Record breaking diamonds: the most valuable diamonds ever sold at auction

The past few years have been unprecedented for prices achieved by diamonds at auction. We look back at the rare gems that have entered the record books.

June 16, 2014

With the Graff Vivid Yellow diamond and the world's largest flawless Vivid blue diamond both sold for record-breaking prices last month, it was a reminder that the past few years have been extraordinary for diamonds, particularly rare coloured diamonds, in the big-budget world of jewellery auctions.

The 100.09 carat Graff Vivid Yellow diamond, one of the largest Fancy Vivid yellow diamonds ever seen, set a new world auction record when it sold for $16.3m at Sotheby's Geneva on 13 May 2014 to become the highest price ever paid for a yellow diamond.

Just a day later, the world's largest flawless Vivid blue diamond at 13.22ct, dubbed 'The Blue' because of its magnificent colour, sold for close to $23.8 million at Christie's Geneva, which is nearly $1.8 million per carat - a new world record price per carat for a blue diamond. It was bought by Harry Winston and renamed The Winston Blue.

Impressive as these numbers are, the past few years have been unprecendented for prices achieved for diamonds at auction. Both the Graff Vivid Yellow and The Winston Blue didn't even come close to knocking the Graff Pink diamond off the top perch as the most ever paid for a diamond at auction. The 24.78 carat Fancy Intense pink diamond sold to Laurence Graff for $46 million in 2010 at Sotheby's Geneva.

And had Sotheby's, which sold the 59.60 carat Pink Star - the largest internally flawless Fancy Vivid pink diamond in the world - for $83.19 million in November 2013, not been forced to reacquire it because the buyer couldn't afford it, the Pink Star would today be the most valuable diamond ever sold at auction.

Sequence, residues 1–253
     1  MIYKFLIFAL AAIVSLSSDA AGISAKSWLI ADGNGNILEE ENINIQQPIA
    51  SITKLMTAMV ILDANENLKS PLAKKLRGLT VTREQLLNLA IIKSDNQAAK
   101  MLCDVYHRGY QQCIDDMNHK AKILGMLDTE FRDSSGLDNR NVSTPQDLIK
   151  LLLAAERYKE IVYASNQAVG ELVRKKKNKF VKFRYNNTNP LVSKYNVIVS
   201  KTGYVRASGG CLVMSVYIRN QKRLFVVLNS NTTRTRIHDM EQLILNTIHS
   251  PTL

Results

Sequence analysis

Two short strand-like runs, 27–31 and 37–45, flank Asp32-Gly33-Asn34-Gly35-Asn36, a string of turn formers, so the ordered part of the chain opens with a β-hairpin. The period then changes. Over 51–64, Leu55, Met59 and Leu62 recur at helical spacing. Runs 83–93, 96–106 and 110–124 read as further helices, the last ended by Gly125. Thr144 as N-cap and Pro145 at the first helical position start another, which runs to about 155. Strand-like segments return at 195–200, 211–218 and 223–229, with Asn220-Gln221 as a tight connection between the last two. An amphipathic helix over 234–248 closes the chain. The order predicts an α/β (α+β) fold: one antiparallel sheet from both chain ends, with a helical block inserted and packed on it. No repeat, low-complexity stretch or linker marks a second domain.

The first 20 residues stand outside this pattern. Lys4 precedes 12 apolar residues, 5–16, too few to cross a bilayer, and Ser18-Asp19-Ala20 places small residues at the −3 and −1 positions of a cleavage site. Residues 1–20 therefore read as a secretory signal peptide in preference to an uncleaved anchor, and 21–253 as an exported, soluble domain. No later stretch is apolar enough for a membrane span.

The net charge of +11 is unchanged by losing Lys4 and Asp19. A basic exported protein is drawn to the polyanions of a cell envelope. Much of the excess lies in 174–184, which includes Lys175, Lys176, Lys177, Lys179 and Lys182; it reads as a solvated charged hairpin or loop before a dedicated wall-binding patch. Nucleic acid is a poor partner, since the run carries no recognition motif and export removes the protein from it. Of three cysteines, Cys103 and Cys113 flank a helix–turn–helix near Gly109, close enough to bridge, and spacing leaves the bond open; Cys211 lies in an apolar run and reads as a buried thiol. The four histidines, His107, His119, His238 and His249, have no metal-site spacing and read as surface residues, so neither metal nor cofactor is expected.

The accolade for the highest price paid per carat for a coloured diamond is held by the 14.82ct 'The Orange', which fetched $35.54 million at Christie's Geneva in November last year. This was almost double the pre-sale estimate of $17-$20 million and equated to an astonishing $2.4 million per carat. Orange diamonds are considered one of the rarest coloured gems in the world, so it is no surprise that this stone was dubbed "a miracle of nature".

The 'Princie' pink diamond, a rare 34.65 carat pink diamond, was sold to an anonymous buyer for $39.3 million by Christie's New York in April 2013 to become the highest price ever paid for a Golconda diamond at auction. Uncovered in the Golconda Mines in India around 300 years ago, the diamond once belonged to an Indian prince in Hyderabad, hence its name.

The 76.02 carat Archduke Joseph, a cushion-cut diamond discovered in the Indian Golconda mines, sold for $21.5 million or $280,000 per carat at Christie's Geneva in November 2012 - a world record for the highest price paid per carat for a colourless diamond at auction. And in 2013, two colourless diamonds broke the world record for the highest price ever paid for a colourless diamond at auction within five months of each other.

In May 2013, Harry Winston purchased a 101.73ct pear-shaped diamond known as the '101' at Christie's in Geneva and renamed it the 'Winston Legacy'. The largest D colour flawless Type IIA diamond ever to be offered for auction, it sold for US$26.7 million to become the most valuable colourless diamond sold at auction.

In November of the same year, a D colour, flawless, Type IIA 118.28ct Oval diamond sold at Sotheby's Hong Kong for US$30.6 million, taking the record for the highest price ever paid for a colourless diamond at auction and also becoming the largest diamond ever to go under the hammer.

Then there are, of course, the spectacular stones that have never appeared at auction. Discovered in South Africa in 1986 and displayed in the Tower of London for several years, the now privately owned De Beers Centenary Diamond weighs 273.85 carats and is estimated to be worth $100 million. Arguably the most famous diamond in the world, however, is the 45.52 carat Hope Diamond, a deep-blue diamond dating from the 17th century. Worth a reported $350 million, it was bequeathed to the Smithsonian Institute by Harry Winston in 1958.


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